Results of the review will be presented using the following strategies:
A chart providing a numerical overview of the amount, type and categorisation of the included studies.
An overview table containing all included studies sorted by sample population age listing study type, media type, measurement/screening tool name, measurement type and psychometric properties of the measurement/screening tool.
A narrative synthesis and mapping of the included studies to establish the extent of the literature.
This presentation of the results will outline and categorise measurement and screening tools from the included studies, which can be used to understand the nature and extent of the existent instruments for measuring media interaction with child populations. Meta-analysis of quantitative study results will not be conducted at this time, as this is beyond the objectives of this review and the scoping review methodology.
Patient and public involvement
No patients were involved in the conceptualisation or design of this research protocol.
Ethics and dissemination
There are no ethical considerations for this scoping review.
Following the completion of the scoping review, a stakeholder meeting of the Media Impact Screening Toolkit workgroup will be held to discuss the implications of our findings and to finalise our dissemination strategy. A summary of the results will be published in a top-tier, open-access journal and will be shared through numerous online resources, including the Children and Screens: Institute for Digital Media and Developing Minds website. Presentation of the full scoping review has been accepted to the American Academy of Child & Adolescent Psychiatry 66th Annual Meeting. Finally, authors and team members will be encouraged to share the results among their networks via professional websites and social media accounts to encourage a broad dissemination of the findings.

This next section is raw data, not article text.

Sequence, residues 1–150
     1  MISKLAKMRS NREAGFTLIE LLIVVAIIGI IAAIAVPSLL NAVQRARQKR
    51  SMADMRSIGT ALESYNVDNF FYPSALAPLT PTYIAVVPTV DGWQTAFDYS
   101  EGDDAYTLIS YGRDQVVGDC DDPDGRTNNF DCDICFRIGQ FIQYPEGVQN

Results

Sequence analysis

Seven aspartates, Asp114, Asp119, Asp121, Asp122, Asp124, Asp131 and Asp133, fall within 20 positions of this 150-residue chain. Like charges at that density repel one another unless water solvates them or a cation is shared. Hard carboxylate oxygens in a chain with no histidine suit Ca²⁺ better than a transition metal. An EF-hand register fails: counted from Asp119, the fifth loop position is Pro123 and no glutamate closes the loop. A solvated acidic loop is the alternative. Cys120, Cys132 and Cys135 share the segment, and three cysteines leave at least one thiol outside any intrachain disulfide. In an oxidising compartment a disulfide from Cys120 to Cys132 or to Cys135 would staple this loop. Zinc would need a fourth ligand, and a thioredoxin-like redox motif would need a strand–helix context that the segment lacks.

Collaborators Member of the workgroup in addition to the authors listed above: Rachel Barr, Daphne Bavelier, Courtney K. Blackwell, Florence Breslin, Joanne Broder, Katherine Cost, Zsolt Demetrovics, Bernard Fuemmeler, John Hutton, Diane Kim, Heather Kirkorian, Monique LeBourgeois, Jessica Mendoza, Martin Paulus, Jaysree Roberts, Thomas Robinson, Cris Rowan, Oren Shefet, Tim Smith, Rachel Waxman, and Paul Weigle. Authors would like to thank Juliette Givelas, Angelina Cleroux, Jackson Smith, Laura Colucci, Ben Southern, Heera Elize Sen, Julianna Lu and volunteer research assistants in the Whole-Family Lab for helping with study coding.
Contributors DTB and PH-DP obtained funding, conceptualised the research and edited the protocol. SSM conceptualised the research and drafted and edited the protocol. JS drafted the protocol search strategy and edited the protocol. TA, DAC, LH, KD-H, JAE, AF, SM, GP, HP, H-JR, DT, SU and RN conceptualised the research and edited the protocol.
Funding This work was supported by Children and Screens: Institute of Digital Media and Child Development (no applicable grant number). This funder, represented by Dr PH-DP, was involved in the design of the study protocol, the writing of the protocol, and the decision to submit the protocol for publication.
Competing interests None declared.
Patient consent for publication Not required.
Provenance and peer review Not commissioned; externally peer reviewed.